Just about everyone loves roasted chicken, because sometimes you just need a really good piece of chicken. I love the homey aromas that waft through my house from the herbs, citrus, and roasting juices. I think of roasted chicken as the “little black dress” of dinners—it’s perfect for Shabbat dinner, a family celebration, or even a weekday meal. The quinoa pilaf is perfect for absorbing all the herbed juices, but there are many other sides that would also be delicious accompaniments. Try roasted purple potatoes or roasted sweet potatoes for a change.
Preheat the oven to 400 degrees Fahrenheit.
Rinse the chickens thoroughly, pat them dry, and place breast side up on a roasting rack set in a roasting pan. Whisk together the herbs, citrus juices and zests, olive oil, and salt and pepper in a small bowl. (Kosher chickens are salty to begin with, so use salt sparingly.) Use your hands to rub the chickens thoroughly inside the cavity and out with the herb mixture. Tuck the wings under the body of the chicken and tie the legs together if you wish (this helps keep the shape a little nicer).
Roast the chickens for 20 minutes. Turn down the oven temperature to 200 degrees Fahrenheit and slowly roast, brushing on more of the herb mixture two or three times, until a thermometer inserted into the thigh registers 160 degrees Fahrenheit, about one and a half hours. Remove the pan from the oven and transfer the chickens to a cutting board or platter. Allow the chickens to rest, loosely covered with foil, before carving. Discard any herb mixture that you haven’t used.
Pour the juices from the roasting pan into a small bowl or measuring cup, and set aside to allow the fat to rise to the top. Skim off the fat; you should have about one cup juices (add some water or chicken stock if needed). Set the roasting pan over medium-high heat and add the wine and shallots. Reduce the wine, stirring and scraping the bottom of the pan to incorporate any browned bits. Pour in the reserved juices and boil the sauce, stirring, until reduced by one-third. Transfer the sauce to a warmed gravy boat or small pitcher for serving.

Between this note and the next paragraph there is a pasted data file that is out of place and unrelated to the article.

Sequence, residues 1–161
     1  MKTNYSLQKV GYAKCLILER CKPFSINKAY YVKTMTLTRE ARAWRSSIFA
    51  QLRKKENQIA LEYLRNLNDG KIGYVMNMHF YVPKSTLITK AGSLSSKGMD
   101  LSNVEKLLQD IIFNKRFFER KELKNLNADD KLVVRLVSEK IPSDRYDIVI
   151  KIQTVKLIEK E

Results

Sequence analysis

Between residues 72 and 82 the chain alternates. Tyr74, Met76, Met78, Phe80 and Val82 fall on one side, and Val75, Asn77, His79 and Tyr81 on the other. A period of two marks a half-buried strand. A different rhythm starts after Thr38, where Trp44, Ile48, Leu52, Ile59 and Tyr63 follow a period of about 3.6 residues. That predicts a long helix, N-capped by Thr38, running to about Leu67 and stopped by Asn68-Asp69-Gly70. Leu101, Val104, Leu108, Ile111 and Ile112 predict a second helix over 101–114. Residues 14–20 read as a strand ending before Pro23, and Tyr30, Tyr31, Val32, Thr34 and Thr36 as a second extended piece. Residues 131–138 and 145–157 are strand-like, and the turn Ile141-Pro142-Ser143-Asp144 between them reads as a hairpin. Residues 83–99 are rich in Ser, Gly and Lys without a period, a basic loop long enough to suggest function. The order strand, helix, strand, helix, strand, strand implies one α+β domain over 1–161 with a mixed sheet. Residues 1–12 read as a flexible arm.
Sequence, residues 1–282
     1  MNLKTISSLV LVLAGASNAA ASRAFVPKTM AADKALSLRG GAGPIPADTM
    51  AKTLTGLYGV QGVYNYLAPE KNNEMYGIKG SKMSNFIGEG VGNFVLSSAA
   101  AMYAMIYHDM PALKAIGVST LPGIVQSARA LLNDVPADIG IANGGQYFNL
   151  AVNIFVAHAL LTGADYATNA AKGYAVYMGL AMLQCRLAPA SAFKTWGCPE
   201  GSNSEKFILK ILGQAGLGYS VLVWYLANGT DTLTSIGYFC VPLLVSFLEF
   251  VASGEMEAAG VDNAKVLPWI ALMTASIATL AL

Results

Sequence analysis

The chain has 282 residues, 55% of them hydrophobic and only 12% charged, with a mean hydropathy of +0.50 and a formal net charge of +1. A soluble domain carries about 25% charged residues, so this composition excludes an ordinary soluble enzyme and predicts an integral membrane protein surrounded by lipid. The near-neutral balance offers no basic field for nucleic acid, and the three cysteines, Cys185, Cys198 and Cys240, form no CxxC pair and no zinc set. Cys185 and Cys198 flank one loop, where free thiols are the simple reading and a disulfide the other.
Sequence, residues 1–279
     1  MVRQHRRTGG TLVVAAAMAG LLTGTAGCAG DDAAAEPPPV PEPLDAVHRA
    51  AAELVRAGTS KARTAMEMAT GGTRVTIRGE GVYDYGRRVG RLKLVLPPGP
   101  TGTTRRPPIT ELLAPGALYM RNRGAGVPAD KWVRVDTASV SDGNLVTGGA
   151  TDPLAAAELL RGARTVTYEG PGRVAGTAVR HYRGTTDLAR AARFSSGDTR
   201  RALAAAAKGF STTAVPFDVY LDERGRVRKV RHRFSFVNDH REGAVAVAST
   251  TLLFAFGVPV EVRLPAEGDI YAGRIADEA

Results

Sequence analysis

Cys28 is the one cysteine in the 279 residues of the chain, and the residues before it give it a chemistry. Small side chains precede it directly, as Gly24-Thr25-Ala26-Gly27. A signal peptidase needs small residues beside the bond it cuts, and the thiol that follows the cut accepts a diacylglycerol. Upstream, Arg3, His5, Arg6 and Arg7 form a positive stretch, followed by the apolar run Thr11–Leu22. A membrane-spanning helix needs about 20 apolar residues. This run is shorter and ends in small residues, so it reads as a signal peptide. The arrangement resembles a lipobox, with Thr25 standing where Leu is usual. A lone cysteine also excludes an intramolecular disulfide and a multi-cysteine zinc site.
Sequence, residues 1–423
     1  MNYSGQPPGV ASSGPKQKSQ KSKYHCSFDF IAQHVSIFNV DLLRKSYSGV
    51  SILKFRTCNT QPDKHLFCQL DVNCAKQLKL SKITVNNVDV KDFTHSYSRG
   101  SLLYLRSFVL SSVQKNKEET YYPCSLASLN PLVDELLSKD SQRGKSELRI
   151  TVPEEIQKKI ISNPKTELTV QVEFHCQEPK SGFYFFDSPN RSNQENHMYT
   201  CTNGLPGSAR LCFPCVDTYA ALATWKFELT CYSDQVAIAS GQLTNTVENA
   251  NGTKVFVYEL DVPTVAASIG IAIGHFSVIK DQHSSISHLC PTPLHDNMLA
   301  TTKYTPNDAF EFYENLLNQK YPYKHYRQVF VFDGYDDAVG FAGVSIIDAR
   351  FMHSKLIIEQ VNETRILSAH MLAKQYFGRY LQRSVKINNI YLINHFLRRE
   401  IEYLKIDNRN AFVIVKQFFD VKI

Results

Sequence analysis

To carve the chickens, cut down the center along the breast bone on both sides and remove the breast bone. Pull the chicken apart slightly to expose the back bone. Cut along both sides of the back bone and remove it. Cut each half in half again and place the quarters on a serving platter. Serve with the sauce and Quinoa-Mushroom Pilaf.
Quinoa, with its delicate texture and taste, makes a nice change from rice. Botanically, quinoa is a grass, not a grain, so it’s a good option for Passover or anytime you want to try a side that’s a little different.
Thoroughly rinse the quinoa in a large bowl filled with cold water, rubbing the grains together to remove their slightly “soapy” film. Drain the quinoa in a fine mesh sieve. Transfer the quinoa to a medium saucepan and add four cups of water.
Bring to a boil and cook the quinoa over medium heat until it is tender, about 20 minutes. Drain off any excess water, and lightly drizzle the quinoa with olive oil.
Heat a medium sauté pan over medium heat, and lightly coat the bottom of the pan with olive oil. Sauté the shallot and mushrooms until lightly browned and most of the liquid from the mushrooms has evaporated, about 15 minutes. Add the mushrooms to the quinoa with the lemon juice and pine nuts and season with salt and pepper.
Quinoa pilaf can be made up to two days ahead and stored in the refrigerator, covered. Reheat over gentle heat and toss with additional olive oil.
Reprinted with permission from Jewish Cooking for All Seasons by Laura Frankel, Agate Surrey, 2016.